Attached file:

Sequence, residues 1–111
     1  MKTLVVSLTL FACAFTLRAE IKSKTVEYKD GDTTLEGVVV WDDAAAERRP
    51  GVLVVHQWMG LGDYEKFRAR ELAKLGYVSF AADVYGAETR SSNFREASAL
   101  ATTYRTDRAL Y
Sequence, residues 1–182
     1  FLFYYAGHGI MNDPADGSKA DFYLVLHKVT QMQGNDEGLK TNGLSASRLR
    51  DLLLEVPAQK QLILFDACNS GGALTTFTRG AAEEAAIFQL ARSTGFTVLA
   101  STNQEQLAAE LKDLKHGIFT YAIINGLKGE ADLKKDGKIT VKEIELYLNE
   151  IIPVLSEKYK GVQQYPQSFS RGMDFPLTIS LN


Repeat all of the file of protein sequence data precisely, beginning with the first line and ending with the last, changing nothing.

Sequence, residues 1–111
     1  MKTLVVSLTL FACAFTLRAE IKSKTVEYKD GDTTLEGVVV WDDAAAERRP
    51  GVLVVHQWMG LGDYEKFRAR ELAKLGYVSF AADVYGAETR SSNFREASAL
   101  ATTYRTDRAL Y
Sequence, residues 1–182
     1  FLFYYAGHGI MNDPADGSKA DFYLVLHKVT QMQGNDEGLK TNGLSASRLR
    51  DLLLEVPAQK QLILFDACNS GGALTTFTRG AAEEAAIFQL ARSTGFTVLA
   101  STNQEQLAAE LKDLKHGIFT YAIINGLKGE ADLKKDGKIT VKEIELYLNE
   151  IIPVLSEKYK GVQQYPQSFS RGMDFPLTIS LN